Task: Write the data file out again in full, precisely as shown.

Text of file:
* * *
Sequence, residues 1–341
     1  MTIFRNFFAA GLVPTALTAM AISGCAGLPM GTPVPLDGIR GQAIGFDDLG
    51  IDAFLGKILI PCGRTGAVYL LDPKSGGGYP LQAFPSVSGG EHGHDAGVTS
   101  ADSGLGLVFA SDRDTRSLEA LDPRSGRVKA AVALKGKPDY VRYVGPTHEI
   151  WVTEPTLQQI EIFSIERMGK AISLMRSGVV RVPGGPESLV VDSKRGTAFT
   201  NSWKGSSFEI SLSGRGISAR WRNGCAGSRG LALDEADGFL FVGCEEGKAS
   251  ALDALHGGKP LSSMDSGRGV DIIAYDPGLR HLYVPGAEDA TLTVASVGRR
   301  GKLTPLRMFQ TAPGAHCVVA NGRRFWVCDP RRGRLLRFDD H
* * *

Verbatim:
Sequence, residues 1–341
     1  MTIFRNFFAA GLVPTALTAM AISGCAGLPM GTPVPLDGIR GQAIGFDDLG
    51  IDAFLGKILI PCGRTGAVYL LDPKSGGGYP LQAFPSVSGG EHGHDAGVTS
   101  ADSGLGLVFA SDRDTRSLEA LDPRSGRVKA AVALKGKPDY VRYVGPTHEI
   151  WVTEPTLQQI EIFSIERMGK AISLMRSGVV RVPGGPESLV VDSKRGTAFT
   201  NSWKGSSFEI SLSGRGISAR WRNGCAGSRG LALDEADGFL FVGCEEGKAS
   251  ALDALHGGKP LSSMDSGRGV DIIAYDPGLR HLYVPGAEDA TLTVASVGRR
   301  GKLTPLRMFQ TAPGAHCVVA NGRRFWVCDP RRGRLLRFDD H